If you were drawing up a list of the 20 nicest MPs, Labour’s Alan Johnson would get more than his fair share of nominations. He is a formidable politician who surely still has a future in front line politics. But last Friday, when I was interviewing him about his new book, This Boy, he categorically ruled out a tilt at securing Labour’s nomination for next London mayor. I am sure I heard Sadiq Khan exhale a sigh of relief. But the question remains: will Ed Miliband will offer him a seat on Labour’s front bench in his coming reshuffle? Miliband is said to want to rid himself of people associated with the past and doesn’t want to bring back Johnson or Alistair Darling. He’s deluding himself if he thinks a shadow cabinet of thirty-somethings is going to cut the mustard with an electorate which is tiring of youth-obsessed politics. Perhaps he should bring back Gordon Brown. After all, Ed Balls insists that he saved us. Anyway, back to Johnson. His book is superb, and tells the story of his poverty stricken childhood in 1950s Notting Hill. His sister, who brought him up from the age of 13 after his mum died emerges as the true heroine of the book. It’s been a surprising bestseller and, on the strength of it, he is planning to pen two further volumes before he gets to writing about his political career. You can listen to the interview here.

A month on from Tom Watson resigning as Labour’s campaign coordinator…and there is still no white smoke emanating from Labour HQ telling us who his successor will be. Wee Dougie Alexander was originally touted as a possible replacement among a few MPs, but faced a backlash as a famous three times loser (Euros 2009, General 2010, David Miliband campaign 2010). Also, Jim Murphy and Michael Dugher have been promoted by some. However, after the overseas hires of Lynton Crosby and Jim Messina by the Tories, Labour are desperately looking for their own person from the Obama team. I’ve heard Marlon Marshall’s name a few times. He was Deputy National Field Director for Obama. I’m told he came to London a few months ago and had a few private meetings with staffers in Parliament and Labour HQ, and think tanks. Make of that what you will.

Godfrey Bloom, the outspoken UKIP MEP, says his main job in life is to drive the BBC and the Guardian to distraction. Well, he should certainly get a bonus for his comments this week on “Bongo Bongo Land”. Philip Davies, Tory MP for Shipley waded in and said that he couldn’t see what all the fuss was about and why people might be offended, but perhaps Bloom’s remarks were ill-judged. I think that’s called having your cake and eating it.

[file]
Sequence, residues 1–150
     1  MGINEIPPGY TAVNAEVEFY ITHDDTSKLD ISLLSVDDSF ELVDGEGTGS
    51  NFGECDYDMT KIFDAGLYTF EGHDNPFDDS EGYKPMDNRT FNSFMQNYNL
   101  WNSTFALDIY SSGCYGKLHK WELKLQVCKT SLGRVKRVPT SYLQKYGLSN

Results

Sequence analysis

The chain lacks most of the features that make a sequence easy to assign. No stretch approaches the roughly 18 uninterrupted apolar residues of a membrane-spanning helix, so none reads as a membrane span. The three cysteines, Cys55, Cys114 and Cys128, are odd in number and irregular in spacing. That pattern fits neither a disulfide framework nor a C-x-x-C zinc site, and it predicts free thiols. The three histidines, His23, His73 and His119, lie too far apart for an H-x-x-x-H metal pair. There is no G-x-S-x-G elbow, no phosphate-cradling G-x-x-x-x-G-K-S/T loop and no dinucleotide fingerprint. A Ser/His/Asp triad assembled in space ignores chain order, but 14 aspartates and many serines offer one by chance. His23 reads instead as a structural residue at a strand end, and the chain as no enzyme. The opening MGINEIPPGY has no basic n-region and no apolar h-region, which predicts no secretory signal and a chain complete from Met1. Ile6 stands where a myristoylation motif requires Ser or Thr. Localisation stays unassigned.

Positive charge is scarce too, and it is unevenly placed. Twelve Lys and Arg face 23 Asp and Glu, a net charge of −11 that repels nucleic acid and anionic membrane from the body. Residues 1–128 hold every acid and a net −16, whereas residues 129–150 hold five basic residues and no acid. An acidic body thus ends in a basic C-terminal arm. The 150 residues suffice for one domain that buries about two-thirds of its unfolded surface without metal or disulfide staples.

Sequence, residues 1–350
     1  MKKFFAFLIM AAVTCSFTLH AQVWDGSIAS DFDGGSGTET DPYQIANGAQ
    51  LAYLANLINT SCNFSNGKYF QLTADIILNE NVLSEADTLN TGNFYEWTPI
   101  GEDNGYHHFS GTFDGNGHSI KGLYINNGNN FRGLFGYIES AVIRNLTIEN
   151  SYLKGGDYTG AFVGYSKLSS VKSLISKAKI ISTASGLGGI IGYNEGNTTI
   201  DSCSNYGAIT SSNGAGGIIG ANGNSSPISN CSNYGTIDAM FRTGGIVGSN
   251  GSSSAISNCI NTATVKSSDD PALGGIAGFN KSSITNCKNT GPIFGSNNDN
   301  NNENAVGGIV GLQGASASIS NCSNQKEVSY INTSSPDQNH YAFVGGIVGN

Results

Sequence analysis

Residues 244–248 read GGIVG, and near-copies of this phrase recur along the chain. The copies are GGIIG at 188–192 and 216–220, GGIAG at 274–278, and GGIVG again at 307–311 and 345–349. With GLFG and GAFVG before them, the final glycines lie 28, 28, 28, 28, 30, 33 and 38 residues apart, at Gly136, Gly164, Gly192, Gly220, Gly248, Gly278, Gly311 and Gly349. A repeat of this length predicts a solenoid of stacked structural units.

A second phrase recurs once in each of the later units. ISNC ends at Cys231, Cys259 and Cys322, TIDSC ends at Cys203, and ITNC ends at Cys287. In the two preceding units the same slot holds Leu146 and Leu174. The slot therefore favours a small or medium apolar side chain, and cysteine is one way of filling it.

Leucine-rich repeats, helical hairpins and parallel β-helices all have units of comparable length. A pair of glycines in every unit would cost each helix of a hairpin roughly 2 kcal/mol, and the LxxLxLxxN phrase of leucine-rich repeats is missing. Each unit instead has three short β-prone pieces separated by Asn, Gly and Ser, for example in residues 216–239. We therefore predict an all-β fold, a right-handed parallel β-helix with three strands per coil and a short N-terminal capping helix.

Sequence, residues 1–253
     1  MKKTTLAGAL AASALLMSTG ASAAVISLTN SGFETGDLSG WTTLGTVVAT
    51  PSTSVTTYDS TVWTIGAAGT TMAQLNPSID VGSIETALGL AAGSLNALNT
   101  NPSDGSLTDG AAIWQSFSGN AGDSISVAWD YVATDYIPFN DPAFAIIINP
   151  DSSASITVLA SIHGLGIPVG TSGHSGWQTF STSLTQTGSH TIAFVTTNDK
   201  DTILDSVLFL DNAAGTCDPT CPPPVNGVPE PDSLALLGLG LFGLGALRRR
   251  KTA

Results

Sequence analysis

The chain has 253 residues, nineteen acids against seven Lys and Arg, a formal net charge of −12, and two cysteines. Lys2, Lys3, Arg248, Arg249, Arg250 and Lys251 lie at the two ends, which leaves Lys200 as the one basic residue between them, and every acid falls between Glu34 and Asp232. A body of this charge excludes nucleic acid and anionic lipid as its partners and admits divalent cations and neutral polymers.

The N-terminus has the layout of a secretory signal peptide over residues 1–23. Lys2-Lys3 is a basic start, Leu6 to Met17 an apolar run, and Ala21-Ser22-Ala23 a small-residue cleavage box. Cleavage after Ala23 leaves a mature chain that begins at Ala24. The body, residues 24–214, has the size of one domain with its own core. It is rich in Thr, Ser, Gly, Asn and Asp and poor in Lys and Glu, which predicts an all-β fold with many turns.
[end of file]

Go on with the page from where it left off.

Try as I might, I can’t bring myself to dislike Polly Toynbee. Whenever I interview her, I think to myself “right, this time I’m going to monster her”, and then she completely disarms me, not just by being nice, but because sometimes, just sometimes, she does have a good argument. And so it was on Wednesday. “Afternoon Polly”, I started. “Hello Iain, can I just say, I’ve always wanted to be on your programme”. Well, how can you be nasty to someone after that?! I was talking to her about her column on misogyny and while I gave as good as I got in terms of arguing that misandry in our society was almost as prevalent as misogyny, I just couldn’t bring out my inner Paxman, which, believe it or not, does rear its ugly head from time to time, as the Labour MP Barry Gardiner will testify to. The truth of it is, I like Polly Toynbee despite the fact that I barely agree with a single word she writes. I don’t know what it is about lefty women like Polly, Yasmin or Zoe Williams. I clearly have a weakness for them.

I did an hour long phone-in with Eric Pickles the other night. Reading between the lines, it’s clear he is no big fan of these immigration vans that have been touring six London boroughs urging illegal immigrants to go home or face arrest. He said it was a trial and he would “take a lot of convincing” before the trial was rolled out nationwide. You can listen to his remarks here. It’s interesting that Crosby isn’t a fan of the vans either, according to the Sunday Times. No one will argue that illegal immigrants shouldn’t be deported, but it isn’t just people from ethnic minorities who felt that the vans were just plain offensive. In my experience, people who come to this country legally are the first to want to pull up the drawbridge to those who try to come here illegally, and rightly so. But these vans are just not British.

The Guardian’s Suzanne Moore is never one to ignore an opportunity to have a go at men, so on the back of Polly’s article on misogyny she has written an article titled Ten rules for managing your penis. Some of us are quite capable of thinking for ourselves on that issue. Just imagine the outcry if I had written a blog entitled “The rules for managing your vagina”. Just think about it. We’re getting to a situation where men can barely speak about women for fear of being told we are women-hating bastards. If the great cause of feminism is to hound a reputable CPS prosecutor out of his job because of some ill-judged remarks in a case whose details none of us can know the full details of, then I venture to suggest that feminism has won the day and the feminist movement can quietly abolish itself. Ah, they say, but what about all these vicious internet trolls who abuse women. Yes, they do. And they abuse men too. I know. I’m one of the abused. As the comment thread on this site will no doubt prove!